You absolutely have to check your credit score before applying for a bunch of credit cards. If you don’t, and your score is sub-par, your application will get rejected and your only reward will be a hard pull on your credit report. That’s not good.
Before grabbing your credit score, you might want to consider grabbing your credit report. They are different, although your score will certainly be affected by what is on your report. The main reason to check your credit report is to ensure that no mistakes were made and that no fraud was present. By law, it is free to obtain a copy of your credit report once per year for each of the three major credit bureaus. Remember you have three reports and three scores from the three major credit bureaus Experian, Equifax, and TransUnion.
Your credit report(s) will not contain your credit score(s). For many years, credit score information was closely guarded and could not be obtained without paying a fee, but things have recently started to open up. That said, you have to be careful because many of the companies offering “free” credit scores actually require a membership or some sort of annoying commitment. That’s ridiculous and if you come across that, run away.
There are better options now available. We want to highlight the few that don’t require your credit card information or any silly gimmicks. Just a simple credit score.
Until recently, companies offered a credit score that was supposed to be representative of your actual FICO score, but not exactly the same. You may have heard it called a FACO score. There is nothing wrong with this score, and accuracy seems to be pretty good.
Quizzle offers a free credit score based on your Equifax credit report, called a VantageScore credit score, which is on a scaled of 300-850. Most people find that this VantageScore is slightly lower than their true FICO score, but still a reasonable estimate.
Quizzle also offer a free Equifax credit report once every six months. That’s a nice feature. Because it’s free, give it a try (but don’t pay for any of their additional “premium” services).
Credit Sesame has been around for a while and offers a credit score that is based on your Experian credit report. It is not your official Experian FICO score. Credit Sesame uses Experian’s National Equivalency Score (not FICO) to give consumers a better idea of their credit standing, which ranges from 360-840.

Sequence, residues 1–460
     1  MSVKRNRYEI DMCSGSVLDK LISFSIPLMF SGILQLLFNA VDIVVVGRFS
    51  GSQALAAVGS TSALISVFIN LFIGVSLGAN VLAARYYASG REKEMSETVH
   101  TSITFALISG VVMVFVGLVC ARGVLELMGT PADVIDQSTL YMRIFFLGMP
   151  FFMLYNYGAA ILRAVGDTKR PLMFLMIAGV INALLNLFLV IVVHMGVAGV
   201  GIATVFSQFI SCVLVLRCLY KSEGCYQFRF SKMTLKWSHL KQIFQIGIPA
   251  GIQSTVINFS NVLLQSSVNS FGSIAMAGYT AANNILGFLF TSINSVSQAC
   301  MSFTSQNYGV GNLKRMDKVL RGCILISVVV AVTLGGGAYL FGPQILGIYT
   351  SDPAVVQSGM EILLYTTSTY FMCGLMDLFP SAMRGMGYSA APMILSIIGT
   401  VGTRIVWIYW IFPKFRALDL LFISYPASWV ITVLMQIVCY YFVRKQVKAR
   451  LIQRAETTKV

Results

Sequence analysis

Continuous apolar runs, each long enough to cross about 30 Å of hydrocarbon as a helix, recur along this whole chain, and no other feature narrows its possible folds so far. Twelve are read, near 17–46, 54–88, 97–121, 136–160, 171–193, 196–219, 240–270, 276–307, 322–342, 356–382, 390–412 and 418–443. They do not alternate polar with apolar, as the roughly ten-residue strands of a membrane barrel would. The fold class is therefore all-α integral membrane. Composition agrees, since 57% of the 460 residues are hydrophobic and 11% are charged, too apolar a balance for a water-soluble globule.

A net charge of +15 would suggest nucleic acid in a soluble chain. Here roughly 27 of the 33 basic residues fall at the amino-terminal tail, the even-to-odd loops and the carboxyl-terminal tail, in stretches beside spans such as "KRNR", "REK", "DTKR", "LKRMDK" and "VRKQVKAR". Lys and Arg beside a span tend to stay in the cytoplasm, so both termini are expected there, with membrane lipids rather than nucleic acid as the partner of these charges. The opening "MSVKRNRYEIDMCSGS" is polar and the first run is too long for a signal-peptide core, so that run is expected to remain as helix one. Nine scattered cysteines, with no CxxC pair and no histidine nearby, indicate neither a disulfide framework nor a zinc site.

Real Credit Scores
As I described in my previous article on travel hacking and credit scores, the FICO score is the most widely used credit score and is the one that most lenders will view when you apply for credit. It ranges from 300-850. A score around 700 is considered good, and if you have a score above 750, you are sitting pretty!
In the last year, we’ve seen exciting changes in credit score reporting. Discover Bank, Barclay Bank, and a few other smaller banks all decided to begin offering free FICO scores to credit card holders. Great news!
Discover now offers free FICO scores provided on the monthly statements of Discover cardmembers. The FICO Scores are based on the data from TransUnion.
In addition to providing free FICO scores, Discover is providing the two key factors explaining what information from a person’s TransUnion credit report influenced his or her particular FICO Score.
We currently take advantage of this free FICO score through the Discover It card. It has quarterly rotating 5% cash back categories and no annual fee. We currently own and use the Discover It card (read comparison here).
Barclays is another major credit card issuer who is now offering the same free FICO score based on TransUnion data. Nearly all of the credit cards issued by Barclay bank include this feature, and you can see your score at any time by logging into your online account.
Just like Discover, Barclay is including additional information about your score, and a graph that keeps track of your score over time. Additionally, you can opt to receive emails instantly when there is a change in your FICO score.
Vanessa and I both have Barclay credit cards, and our current card of choice is the Barclay Arrival card, which offers nearly $450 in free travel as a signup bonus. We both own and currently use the Barclay Arrival Mastercard (read comparison here).
Citi is the most recent bank to offer free FICO scores to card holders. The score is based on your Experian credit report, not TransUnion.
We actually use all of the methods described here to check our credit scores. The free methods are…free, and we each both use credit cards issued by Discover and Barclays, which allow free access to our actual FICO scores.
Don’t apply for new credit cards without knowing your credit score!